Concern mounts over humanitarian crisis in Lower Omo, Ethiopia 24 March 2014

The Gibe III dam is set to destroy the livelihoods of hundreds of thousands of people.
The Gibe III dam is set to destroy the livelihoods of hundreds of thousands of people.
© Survival

Politicians in Europe and America are adding their voices to the international concern about the Gibe III dam and associated irrigated plantations. The projects will have a catastrophic impact on one of the most culturally and biologically diverse places on earth.

The Lower Omo river valley in Ethiopia and Kenya’s Lake Turkana are home to 500,000 tribal people and renowned UNESCO World Heritage sites on both sides of the border.

Italian MEP Andrea Zanoni has asked questions in the European Parliament about the human rights violations surrounding the projects. He has also addressed the involvement of the Italian company Salini Costruttori, which is building the Gibe III  dam in the Lower Omo.

Lord Jones, a British parliamentarian, has asked questions in the UK Parliament about the use of funds provided by the Department for International Development (DfID) in these forced evictions.

Mark Durkan, a British Member of Parliament, has also written to DfID directly on the subject.

The Kwegu are one of the tribes of the Omo valley.
The Kwegu are one of the tribes of the Omo valley.
© Survival

International Rivers has released a video that illustrates how the Gibe III dam, together with the associated sugar, cotton and palm plantations, poses serious hydrological risks to the region.

The projects will also have extreme human costs, by destroying the fisheries, grazing grounds and sophisticated farming systems on which the region’s indigenous inhabitants depend.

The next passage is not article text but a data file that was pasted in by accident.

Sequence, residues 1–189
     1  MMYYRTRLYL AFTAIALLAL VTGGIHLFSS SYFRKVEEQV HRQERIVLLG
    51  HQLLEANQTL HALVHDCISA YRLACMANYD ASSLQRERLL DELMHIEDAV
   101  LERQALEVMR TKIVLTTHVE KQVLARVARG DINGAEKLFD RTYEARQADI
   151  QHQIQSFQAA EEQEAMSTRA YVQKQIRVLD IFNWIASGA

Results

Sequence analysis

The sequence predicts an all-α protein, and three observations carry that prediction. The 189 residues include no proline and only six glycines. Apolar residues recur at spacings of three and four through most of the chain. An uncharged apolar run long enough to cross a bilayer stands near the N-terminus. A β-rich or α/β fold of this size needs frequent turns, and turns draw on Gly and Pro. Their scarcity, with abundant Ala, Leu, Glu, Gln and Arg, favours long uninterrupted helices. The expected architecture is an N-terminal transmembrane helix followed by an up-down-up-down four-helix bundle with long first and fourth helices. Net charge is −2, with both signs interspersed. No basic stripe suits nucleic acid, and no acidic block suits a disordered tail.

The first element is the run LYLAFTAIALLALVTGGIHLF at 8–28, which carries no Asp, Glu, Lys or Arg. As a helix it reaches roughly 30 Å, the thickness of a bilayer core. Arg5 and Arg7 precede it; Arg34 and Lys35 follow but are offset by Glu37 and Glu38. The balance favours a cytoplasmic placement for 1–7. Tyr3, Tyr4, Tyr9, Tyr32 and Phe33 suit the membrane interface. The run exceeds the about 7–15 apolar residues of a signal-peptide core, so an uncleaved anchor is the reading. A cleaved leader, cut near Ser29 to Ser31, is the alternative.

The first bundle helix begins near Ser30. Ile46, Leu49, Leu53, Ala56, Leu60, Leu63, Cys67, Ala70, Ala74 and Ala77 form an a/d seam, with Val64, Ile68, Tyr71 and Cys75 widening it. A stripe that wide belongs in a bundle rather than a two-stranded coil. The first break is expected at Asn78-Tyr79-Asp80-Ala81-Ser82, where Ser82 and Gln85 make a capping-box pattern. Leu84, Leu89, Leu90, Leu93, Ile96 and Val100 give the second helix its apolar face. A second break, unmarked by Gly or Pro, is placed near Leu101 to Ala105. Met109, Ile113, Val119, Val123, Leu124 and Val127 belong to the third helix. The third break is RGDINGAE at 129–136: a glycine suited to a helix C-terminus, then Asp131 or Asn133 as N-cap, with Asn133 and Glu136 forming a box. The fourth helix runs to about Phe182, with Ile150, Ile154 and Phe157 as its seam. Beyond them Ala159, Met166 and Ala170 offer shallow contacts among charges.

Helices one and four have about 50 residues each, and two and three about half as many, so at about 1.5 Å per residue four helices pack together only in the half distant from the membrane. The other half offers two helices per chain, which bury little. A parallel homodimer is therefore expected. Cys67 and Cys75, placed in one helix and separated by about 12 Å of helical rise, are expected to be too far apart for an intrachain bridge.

Human Rights Watch has created a set of compelling infographics using satellite imagery, which shows the rapid rate at which these landgrabs are taking place.

Survival and other NGOs have repeatedly denounced the forced eviction of hundreds of Bodi and Kwegu from their homes into resettlement camps, as the government seizes their best agricultural lands to convert into large-scale commercial sugar cane plantations.

International donors such as the United States Agency for International Development (USAID) and DfID have repeatedly failed to act, despite receiving consistent accounts of serious abuses in the region. 

However, the US Congress last month exposed USAID’s cover-up of the situation by legally requiring that US taxpayers’ money not be used to fund forced resettlements in Lower Omo.

The British government, however, has yet to introduce similar safeguards and to explain if and when it will apply its ‘Good Practice Guidelines and Principles Regarding Resettlement.’

 

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